Sqirl is a breakfast and lunch spot only, but in 2018 Jessica will open a dinner place for all her begging, hungry fans, called Tel – keep your eyes and ears open!

In the next months, I’ll share many new Meet In Your Kitchen features with you that took me to California, Italy, France, and Japan. Thanks to Zwilling for sponsoring these features for our culinary trip around the world! Thank you, my man James Hickey, for joining me on these adventures and helping me take pictures!

Jessica Koslow

 

Jessica Koslow

Jessica Koslow’s Sorrel Pesto Rice

Serves 6

3 cups (600 g) medium-grain brown rice, preferably Kokuho Rose
Fine sea salt
½ cup plus 2 teaspoons (130 ml) extra-virgin olive oil
1 cup (25 g) lightly packed kale leaves (stems removed)
2 cups (50 g) lightly packed chopped sorrel leaves
3 tablespoons fresh lemon juice
2 tablespoons chopped fresh dill, plus more for serving
1 Preserved Meyer Lemon, flesh removed, peel finely chopped
2-4 small watermelon radishes, very thinly sliced
¼ cup (60 ml) Fermented Jalapeño Hot Sauce
¾ cup (85 g) crumbled sheep’s-milk feta

6 poached eggs
Fleur de sel
Freshly ground black pepper

Boil the rice in plenty of salted water until it’s tender, 30 to 45 minutes. Drain and let cool.
Meanwhile, make the sorrel pesto: In a blender or food processor, combine ½ cup (120 ml) of the oil, kale, sorrel, and 1 tablespoon of the lemon juice. Blend until smooth, stopping and scraping down the sides as needed. Season with salt to taste.

In a large bowl, toss the rice with the dill, preserved lemon peel, 1 table­spoon of the lemon juice, and the pesto. Taste and add a bit more salt, if needed.

In a small bowl, toss the radish with the remaining 1 tablespoon lemon juice, the remaining 2 teaspoons oil, and a pinch of salt. Set aside to marinate for a few minutes, until the radish is pliable and tender.

To serve, divide the rice among six bowls. Spoon a line of hot sauce across the rice. Arrange a little clump of feta on one side and a rosette of radish slices on the other side. Set a poached egg in the mid­dle of each bowl and season it with fleur de sel and black pepper. Gar­nish with a tiny sprig or two of dill.

Jessica Koslow

 

Jessica Koslow

 

Watch my interview with Jessica in LA in September 2017:

 

 

Thank you, Jessica! 

 

Jessica Koslow

 

Jessica Koslow

 

Jessica Koslow

 

Jessica Koslow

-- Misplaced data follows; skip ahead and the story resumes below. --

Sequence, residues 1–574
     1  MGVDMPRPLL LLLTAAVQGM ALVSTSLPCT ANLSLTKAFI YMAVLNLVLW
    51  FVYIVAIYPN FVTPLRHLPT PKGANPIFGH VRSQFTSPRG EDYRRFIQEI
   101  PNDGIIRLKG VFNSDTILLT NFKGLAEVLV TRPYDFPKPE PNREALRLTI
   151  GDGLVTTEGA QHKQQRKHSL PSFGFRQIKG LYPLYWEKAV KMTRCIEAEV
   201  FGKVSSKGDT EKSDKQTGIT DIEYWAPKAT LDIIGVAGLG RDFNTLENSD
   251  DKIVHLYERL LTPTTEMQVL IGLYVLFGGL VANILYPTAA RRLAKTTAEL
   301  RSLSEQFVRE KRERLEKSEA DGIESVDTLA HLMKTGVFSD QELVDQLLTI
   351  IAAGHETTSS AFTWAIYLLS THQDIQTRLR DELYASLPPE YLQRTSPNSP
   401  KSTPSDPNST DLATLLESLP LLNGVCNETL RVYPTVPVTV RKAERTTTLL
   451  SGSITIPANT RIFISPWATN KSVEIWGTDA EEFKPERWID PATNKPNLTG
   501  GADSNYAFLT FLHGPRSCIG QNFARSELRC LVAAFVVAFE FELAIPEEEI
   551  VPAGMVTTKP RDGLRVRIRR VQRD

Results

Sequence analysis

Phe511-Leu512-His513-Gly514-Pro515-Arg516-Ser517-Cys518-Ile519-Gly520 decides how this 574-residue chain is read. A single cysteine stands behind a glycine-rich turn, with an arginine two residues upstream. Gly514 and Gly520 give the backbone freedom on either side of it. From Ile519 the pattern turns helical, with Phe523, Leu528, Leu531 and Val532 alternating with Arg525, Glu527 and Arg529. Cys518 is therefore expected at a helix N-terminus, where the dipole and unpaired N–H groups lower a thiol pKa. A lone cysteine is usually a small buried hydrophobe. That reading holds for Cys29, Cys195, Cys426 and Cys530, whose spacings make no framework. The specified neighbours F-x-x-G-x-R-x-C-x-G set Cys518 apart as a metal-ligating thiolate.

Jessica Koslow

 

Jessica Koslow

 

Jessica Koslow

Meet In Your Kitchen | Urban Farming and a Garden Salad at LA’s Farm Lot 59

Farm Lot 59

A 1-hour drive, leaving the skyline and the buzz of Downtown LA behind, and you’re in Long Beach, still LA county, yet a totally different scene. As we left California Avenue in the south and drove our bulky van down a dusty road for a new Meet In Your Kitchen feature together with Zwilling, the inspiring urban farmer Sasha Kanno welcomed us with a big smile in front of the gate of her green oasis, Farm Lot 59 .

Sasha is a woman with a strong vision and principles, she believes in honest food, available not only for herself, but also for the community that she lives in. She took over the land surrounded by urban industrial buildings in 2010 and turned it into a non-profit organic farm, practicing biodynamics and following the Waldorf School philosophy. The farmer who’s fascinated by rare and heirloom varieties and who gets many of her seeds from a 100-year old seed company in Honolulu, is famous and loved by locals and chefs for her outstanding lettuce and herb mixtures. All year round, she puts an exciting seasonal bouquet together, of arugula, lemony blood sorrel, giant red-leaf mustard lettuce, basil (with a rough surface), huacatay (black mint), cilantro, fennel, tarragon, thyme, chocolate mint, and many more. Her edible flowers, such as pensi, dahlia, dianthus, calendula, lavender chamomile flowers, are a feast for the eye and an explosion of flavors for the palate.

However, as much as she loves to share the produce from her garden with other passionate lovers of natural, healthy fruits and vegetables, Sasha felt that there was more for her to do. She started an educational program of cooking and gardening classes, she wanted to bring the basics back to the table of our children: her tomatoes, beans, eggplants, pumpkins, squash (I learnt that you can even eat its leaves cooked like a vegetable), peppers, snake melon, and artichokes. She wanted them to smell again and listen to the sounds of the woods and fields, and taste pure unprocessed food. She saw city kids who were totally overwhelmed by this experience, being confronted by nature, even stressed some of them. Some of the most common fruits and vegetables had never been in the hands of these children before. It’s an essential experience, if not a right to have access to food in its original form. Sasha takes responsibility to teach them about our fragile ecosystem, so that future generations adjust the way that we deal with ourselves, our food, and our environment.

The doors of Farm Lot 59 are open almost every day and it’s worth visiting this green paradise framed by apple, stone fruit, and guava trees. You can buy the handpicked produce and humanely sourced meats, dairy products, and eggs from friends and other farmers at the farm’s market stand at the street, the Farmstand 59. And then you go home and prepare the beautiful salad that Sasha made for us in her outdoor farm kitchen: a colorful tomato salad with the farmer’s delicious basil vinaigrette featuring the pure taste and beauty of this sweet fruit and fragrant herb!